In the ‘Video’ menu, select YUV as the color space and check that ‘Field Operation’ is set to ‘None’. Select the audio track. Usually, Track 01 is the first language (English) of the DVD. Also check ‘Demux’ in Dolby Digital options in the ‘Audio’ menu and hit F5 for preview. A statistics window will pop up and the movie will preview in the main window. Let the movie play for some time and note the Frame Type and Video Type as it proceeds. You need not do anything if the Video Type is PAL and Frame Type is Progressive. If Video Type shows FILM 95% or more and Frame Type as Progressive, then check ‘Forced FILM’ from the ‘Field Operation’ option in the ‘Video’ menu. Note the Aspect Ratio, hit ‘Esc’ to stop preview and Press F4 to save your project (remember the location). Close the application, once it is through with demuxing the AC3 from your movie.
Encoding the video
Now, it is time to encode video to DivX (or any other compression algorithm of your choice). Though we’re using VirtualDub for the purpose, DVD2AVI can be used as well. Start VirtualDub and open the .AVS file you saved in the last step. Check ‘No Audio’ from the ‘Audio’ menu and ‘Fast Recompress’ from the ‘Video’ menu. Press Ctrl+C to open the video compression window and select the codec you want to use (DivX Pro 5.0 in this case).
Configure the DivX codec according to the settings you want. The DivX encoder has a lot of settings, an explanation of which can be found at www.divx.com/support/divx/guide.php. Hit F7 to save the DivX video file. Encoding takes time, so go out and have lunch or take a nap! Encoding time also depends on the machine configuration. DivX encoding uses raw CPU cycles, so faster the processor, lesser the encoding time.
Converting the audio
The audio file obtained from DVD2AVI was an AC3 file. You can keep the file as it is and add to video or downmix it to two channels (stereo) and encode it to MP3 to reduce final movie size.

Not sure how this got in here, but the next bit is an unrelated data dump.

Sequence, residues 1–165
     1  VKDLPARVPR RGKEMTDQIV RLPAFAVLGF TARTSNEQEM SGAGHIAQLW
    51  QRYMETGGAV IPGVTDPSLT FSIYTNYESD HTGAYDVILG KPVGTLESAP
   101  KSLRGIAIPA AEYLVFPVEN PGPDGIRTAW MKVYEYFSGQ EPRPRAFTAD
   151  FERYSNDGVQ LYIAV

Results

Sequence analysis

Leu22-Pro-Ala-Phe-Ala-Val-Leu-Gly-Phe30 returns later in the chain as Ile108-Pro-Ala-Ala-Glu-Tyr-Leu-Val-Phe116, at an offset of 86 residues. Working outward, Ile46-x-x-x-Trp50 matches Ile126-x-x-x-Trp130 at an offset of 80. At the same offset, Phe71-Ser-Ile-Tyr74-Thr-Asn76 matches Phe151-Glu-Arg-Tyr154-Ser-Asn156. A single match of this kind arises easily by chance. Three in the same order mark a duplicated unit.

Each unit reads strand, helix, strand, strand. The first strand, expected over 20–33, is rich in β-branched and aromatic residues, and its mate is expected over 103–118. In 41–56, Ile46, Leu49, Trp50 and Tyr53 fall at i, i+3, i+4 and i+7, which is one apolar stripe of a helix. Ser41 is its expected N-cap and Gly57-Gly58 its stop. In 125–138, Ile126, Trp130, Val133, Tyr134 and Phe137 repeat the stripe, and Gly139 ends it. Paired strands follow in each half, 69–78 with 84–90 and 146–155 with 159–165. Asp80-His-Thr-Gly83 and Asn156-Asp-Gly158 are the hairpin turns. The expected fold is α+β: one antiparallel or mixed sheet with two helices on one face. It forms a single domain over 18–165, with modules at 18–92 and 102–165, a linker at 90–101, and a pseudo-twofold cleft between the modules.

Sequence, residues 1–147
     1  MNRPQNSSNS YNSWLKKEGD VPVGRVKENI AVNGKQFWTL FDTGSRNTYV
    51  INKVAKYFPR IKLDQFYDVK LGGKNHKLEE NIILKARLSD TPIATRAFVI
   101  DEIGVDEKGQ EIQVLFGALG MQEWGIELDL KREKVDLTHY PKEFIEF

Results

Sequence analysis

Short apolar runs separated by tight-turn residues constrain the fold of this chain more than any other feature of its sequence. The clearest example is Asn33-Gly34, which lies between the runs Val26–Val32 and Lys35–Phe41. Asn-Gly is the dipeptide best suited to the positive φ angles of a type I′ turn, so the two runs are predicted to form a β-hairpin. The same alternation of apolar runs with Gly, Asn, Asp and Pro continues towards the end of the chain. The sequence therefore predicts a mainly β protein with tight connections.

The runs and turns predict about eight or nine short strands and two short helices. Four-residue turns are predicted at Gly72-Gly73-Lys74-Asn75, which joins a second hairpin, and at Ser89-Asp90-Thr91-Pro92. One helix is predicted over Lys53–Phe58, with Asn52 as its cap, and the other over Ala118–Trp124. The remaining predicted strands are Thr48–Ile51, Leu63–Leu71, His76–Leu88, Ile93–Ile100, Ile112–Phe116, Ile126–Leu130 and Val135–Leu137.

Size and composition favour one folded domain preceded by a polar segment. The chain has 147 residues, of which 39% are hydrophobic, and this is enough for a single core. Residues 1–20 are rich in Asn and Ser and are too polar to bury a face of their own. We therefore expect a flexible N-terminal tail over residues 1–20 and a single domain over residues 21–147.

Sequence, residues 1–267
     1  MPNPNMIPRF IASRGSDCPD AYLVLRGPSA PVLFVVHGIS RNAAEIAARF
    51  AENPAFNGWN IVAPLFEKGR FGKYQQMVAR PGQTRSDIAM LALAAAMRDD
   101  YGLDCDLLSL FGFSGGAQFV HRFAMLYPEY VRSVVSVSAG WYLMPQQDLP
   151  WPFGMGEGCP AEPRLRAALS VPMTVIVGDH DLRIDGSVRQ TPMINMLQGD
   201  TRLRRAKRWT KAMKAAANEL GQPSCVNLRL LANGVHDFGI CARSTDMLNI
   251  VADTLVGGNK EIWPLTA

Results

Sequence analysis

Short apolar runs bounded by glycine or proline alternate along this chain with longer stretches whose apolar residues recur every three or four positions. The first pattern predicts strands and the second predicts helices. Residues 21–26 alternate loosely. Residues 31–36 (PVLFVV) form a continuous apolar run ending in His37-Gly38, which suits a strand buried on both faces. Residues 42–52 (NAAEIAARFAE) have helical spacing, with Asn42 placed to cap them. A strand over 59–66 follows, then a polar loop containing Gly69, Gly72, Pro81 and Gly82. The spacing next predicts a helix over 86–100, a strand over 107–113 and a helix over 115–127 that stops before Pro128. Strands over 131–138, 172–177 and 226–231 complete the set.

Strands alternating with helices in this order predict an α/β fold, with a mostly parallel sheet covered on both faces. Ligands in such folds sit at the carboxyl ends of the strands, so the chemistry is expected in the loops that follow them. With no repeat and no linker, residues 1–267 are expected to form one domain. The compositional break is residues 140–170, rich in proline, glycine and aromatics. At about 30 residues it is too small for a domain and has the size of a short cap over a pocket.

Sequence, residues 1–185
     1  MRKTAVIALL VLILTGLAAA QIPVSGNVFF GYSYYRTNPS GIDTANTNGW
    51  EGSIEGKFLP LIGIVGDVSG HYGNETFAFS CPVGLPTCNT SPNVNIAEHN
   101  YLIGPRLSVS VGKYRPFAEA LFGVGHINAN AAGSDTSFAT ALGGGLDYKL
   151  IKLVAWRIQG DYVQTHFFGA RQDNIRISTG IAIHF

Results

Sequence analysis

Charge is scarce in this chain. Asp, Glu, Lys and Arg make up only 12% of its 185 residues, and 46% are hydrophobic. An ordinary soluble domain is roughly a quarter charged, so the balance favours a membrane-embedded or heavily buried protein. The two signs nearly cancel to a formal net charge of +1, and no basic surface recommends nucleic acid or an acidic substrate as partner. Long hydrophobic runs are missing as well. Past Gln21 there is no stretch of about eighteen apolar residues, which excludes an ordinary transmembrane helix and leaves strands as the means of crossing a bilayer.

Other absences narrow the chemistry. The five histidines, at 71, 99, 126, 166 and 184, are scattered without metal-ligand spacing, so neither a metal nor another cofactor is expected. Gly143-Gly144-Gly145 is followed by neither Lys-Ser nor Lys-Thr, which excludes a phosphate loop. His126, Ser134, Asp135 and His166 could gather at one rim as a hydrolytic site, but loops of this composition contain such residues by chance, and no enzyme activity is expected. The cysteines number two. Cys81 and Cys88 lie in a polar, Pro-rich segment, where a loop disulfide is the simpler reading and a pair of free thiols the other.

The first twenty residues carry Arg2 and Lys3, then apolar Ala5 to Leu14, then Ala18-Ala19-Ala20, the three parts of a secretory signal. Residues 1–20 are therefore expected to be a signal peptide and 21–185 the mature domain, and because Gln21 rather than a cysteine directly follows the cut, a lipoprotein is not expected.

We should first downmix the AC3 file to a standard WAV file. Softwares for decoding AC3 audio to WAV are available on the Internet. Two of them are AC3Tool and Xfilez Inc.’s AC3 Decoder. While the latter is a simple decoder, the former allows you to experiment with several downmixing settings. Load your AC3 file into any decoder and save it as WAV.
Encoding audio and muxing
Audio encoding and muxing can be done simultaneously. Now with the DivX video file and WAV audio file in hand, VirtualDub comes to the rescue again. Load the video file in VirtualDub. Set Video settings to ‘Direct Stream Copy’ and Audio to ‘WAV Audio’. Point to the WAV file obtained in the previous step and check ‘Full Processing Mode’ in audio. Go to Audio > Compression and select MPEG Layer 3 as the audio codec. Select encoding bit rate and sampling frequency (Note: higher bit rate and sampling frequencies mean better sound, but higher file sizes).
For muxing, press Ctrl+I to invoke Audio/ Video Interleave options. Leave ‘Preload Audio’ to 500 ms and ‘Audio Skew correction’ to 0 ms (defaults). Change the ‘Interleave audio every’ setting to 2 frames (instead of default 1 frame). Click ‘OK’. Hit F7 to save your final encoded movie, sit back and relax while the audio encoding and muxing happens.
Burn your final DivX movie onto a CD-RW and there you are! Of course, you will need the DivX codec installed on the machine you want to play the movie on.